Assessment of Medication Adherence to JNC-7 Guidelines and Risk Factors for Hypertension in a South Indian Tertiary Care Hospital

Published on:August 2017
Indian Journal of Pharmacy Practice, 2017; 10(2):78-89
Research Article | doi:10.5530/ijopp.10.2.17


Assessment of Medication Adherence to JNC-7 Guidelines and Risk Factors for Hypertension in a South Indian Tertiary Care Hospital


Authors and affiliation (s):

Uday Bhaskar Narra1, Ravindrababu Pingili1,2, Sri Varsha Reddy Chinnam1, Prardhana Devi Datla1, Sree Varsha Potluri1, Naveen Babu Kilaru1*

1Department of Pharmacy Practice, KVSR Siddhartha College of Pharmaceutical Sciences, Vijayawada, Andhra Pradesh, INDIA

2Department of Pharmacology, KVSR Siddhartha College of Pharmaceutical Sciences, Vijayawada, Andhra Pradesh, INDIA

Abstract:

Objective: The objective of the study was to assess the drug utilization pattern, medication adherence to Joint National Committee (JNC-7) treatment guidelines and risk factors for hypertension (HTN) in a south Indian tertiary care teaching hospital. Methods: A prospective study was conducted on 1000 subjects (with or without hypertension) from November 2015 to April 2016 in a general medicine department. Drug utilization pattern, medication adherence was assessed by comparing with the JNC-7 guidelines and the odds ratios were calculated in univariate regression analysis for risk factors. Results: Stage 1 hypertension (47.30%) was most predominant than stage 2 hypertension (24.28%) and hypertension emergency (12.23%) according to the SBP of JNC-7 guidelines. Hypertension was significantly higher in the subjects of age above 40 years (92.6%, P<0.0001), married (99.6%, P<0.0001), educated (59.5%, P=0.066), known family history (father, P=0.009; mother, P<0.0001; father and mother, P<0.0001), physical inactivity (74.8%, P<0.001), monthly income above Rs. 10,000 (34.5%, P<0.0001), co-morbidities (diabetes, P<0.0001; history of cardiovascular diseases, P<0.0001; chronic kidney disease, P<0.0001), alcohol consumption (19.2%, P=0.007), smoking (23%, P=0.0005), tea consumption (twice or more per day, P=0.027), and intake of junk foods (thrice or more in a week, P<0.0001) than normotensive subjects. Angiotensin receptor blockers (17.98%) are most widely prescribed drugs followed by calcium channel blockers (10.07%) and ß-blockers (6.29%) in monotherapy (38.63%). Angiotensin receptor blocker + diuretic combination (24.64%) was mostly used in two drug combination therapy (36.11%). The overall rate of adherence was 24.9% (Pre hypertension, P<0.01); 80.3% (Stage 1 hypertension, P<0.001); 73.93% (Stage 2 hypertension, P<0.001) and 50% (Hypertension emergency, P<0.05). Univariate regression analysis showed that age (above 40 years), female gender, married, widowed, generalized obesity, moderate to high economic status (Above 10, 000/month), family history, diabetes, history of cardiovascular diseases, chronic kidney disease, physical inactivity, smoking, alcohol consumption and junk food (weekly thrice or more, odds ratio: 17.69, 95% confidence interval: 2.373-131.8, P<0.0001) intake were significantly associated with HTN. Conclusion: The present study results suggested that medication adherence to JNC-7 was optimal. Junk foods, age (above 60 years), diabetes, alcohol, smoking, marital status and high economic status are the main risk factors for hypertension.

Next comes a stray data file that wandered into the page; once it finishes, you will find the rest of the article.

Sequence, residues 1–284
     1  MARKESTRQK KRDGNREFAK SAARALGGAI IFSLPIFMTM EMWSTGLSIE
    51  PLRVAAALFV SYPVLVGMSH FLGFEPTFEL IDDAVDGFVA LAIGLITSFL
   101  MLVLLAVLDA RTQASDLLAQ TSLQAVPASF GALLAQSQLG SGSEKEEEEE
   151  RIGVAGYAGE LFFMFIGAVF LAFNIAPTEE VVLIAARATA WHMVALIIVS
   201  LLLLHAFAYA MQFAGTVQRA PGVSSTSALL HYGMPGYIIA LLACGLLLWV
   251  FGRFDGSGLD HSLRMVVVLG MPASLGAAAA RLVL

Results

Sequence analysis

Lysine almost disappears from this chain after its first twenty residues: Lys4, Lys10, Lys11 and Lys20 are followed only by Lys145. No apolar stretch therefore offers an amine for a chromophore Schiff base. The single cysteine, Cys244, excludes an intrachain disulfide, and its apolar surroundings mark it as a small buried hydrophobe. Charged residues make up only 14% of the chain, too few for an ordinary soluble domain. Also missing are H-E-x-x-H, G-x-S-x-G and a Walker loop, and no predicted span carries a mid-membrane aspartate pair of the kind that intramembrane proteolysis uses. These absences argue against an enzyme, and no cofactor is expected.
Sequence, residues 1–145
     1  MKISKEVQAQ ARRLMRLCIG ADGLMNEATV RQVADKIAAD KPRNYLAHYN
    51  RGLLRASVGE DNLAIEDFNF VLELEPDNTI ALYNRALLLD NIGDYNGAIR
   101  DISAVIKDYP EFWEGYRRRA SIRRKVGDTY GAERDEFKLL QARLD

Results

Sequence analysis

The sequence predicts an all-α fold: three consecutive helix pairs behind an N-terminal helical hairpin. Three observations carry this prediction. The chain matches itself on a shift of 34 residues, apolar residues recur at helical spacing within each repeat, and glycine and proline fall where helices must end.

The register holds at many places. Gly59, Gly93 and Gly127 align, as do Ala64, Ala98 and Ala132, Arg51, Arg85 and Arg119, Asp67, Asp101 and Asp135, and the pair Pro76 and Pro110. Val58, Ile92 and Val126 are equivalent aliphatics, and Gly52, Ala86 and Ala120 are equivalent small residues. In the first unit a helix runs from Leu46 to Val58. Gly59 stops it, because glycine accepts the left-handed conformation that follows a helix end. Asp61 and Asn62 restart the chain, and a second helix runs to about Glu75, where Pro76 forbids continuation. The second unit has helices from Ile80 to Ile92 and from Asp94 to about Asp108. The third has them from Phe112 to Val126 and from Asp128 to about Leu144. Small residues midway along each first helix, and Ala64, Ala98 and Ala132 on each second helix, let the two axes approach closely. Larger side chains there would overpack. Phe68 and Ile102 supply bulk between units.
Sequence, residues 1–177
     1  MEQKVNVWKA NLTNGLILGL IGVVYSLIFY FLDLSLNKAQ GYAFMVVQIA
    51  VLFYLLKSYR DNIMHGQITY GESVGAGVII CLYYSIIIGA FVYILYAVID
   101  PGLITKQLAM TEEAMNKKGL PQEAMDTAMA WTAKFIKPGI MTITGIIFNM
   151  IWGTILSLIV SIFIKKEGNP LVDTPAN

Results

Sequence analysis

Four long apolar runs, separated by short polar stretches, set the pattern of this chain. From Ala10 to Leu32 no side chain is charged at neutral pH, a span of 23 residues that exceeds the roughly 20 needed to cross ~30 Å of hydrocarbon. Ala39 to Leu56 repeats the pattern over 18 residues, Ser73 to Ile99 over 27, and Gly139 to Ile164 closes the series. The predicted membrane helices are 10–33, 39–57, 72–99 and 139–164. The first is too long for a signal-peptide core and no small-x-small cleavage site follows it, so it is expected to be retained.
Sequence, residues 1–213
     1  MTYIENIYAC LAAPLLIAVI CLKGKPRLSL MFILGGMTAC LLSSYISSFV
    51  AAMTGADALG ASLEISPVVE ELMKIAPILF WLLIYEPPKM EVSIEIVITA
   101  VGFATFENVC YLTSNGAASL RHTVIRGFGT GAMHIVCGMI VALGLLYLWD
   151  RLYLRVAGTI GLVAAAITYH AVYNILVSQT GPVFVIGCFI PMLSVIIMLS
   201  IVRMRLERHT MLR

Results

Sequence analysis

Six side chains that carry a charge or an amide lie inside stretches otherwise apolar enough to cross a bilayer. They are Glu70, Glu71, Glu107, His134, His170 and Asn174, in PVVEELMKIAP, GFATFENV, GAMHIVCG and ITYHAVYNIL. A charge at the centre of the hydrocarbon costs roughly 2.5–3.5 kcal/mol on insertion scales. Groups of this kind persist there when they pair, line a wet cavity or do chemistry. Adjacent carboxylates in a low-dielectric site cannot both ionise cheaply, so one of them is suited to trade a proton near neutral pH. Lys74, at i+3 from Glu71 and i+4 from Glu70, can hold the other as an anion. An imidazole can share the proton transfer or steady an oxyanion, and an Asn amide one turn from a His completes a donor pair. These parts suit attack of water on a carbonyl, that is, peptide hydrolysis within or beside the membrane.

Keywords: Odds Ratio, Hypertension, Risk Factors, Medication Adherence, Junk Foods, JNC-7.




 

The Official Journal of Association of Pharmaceutical Teachers of India (APTI)
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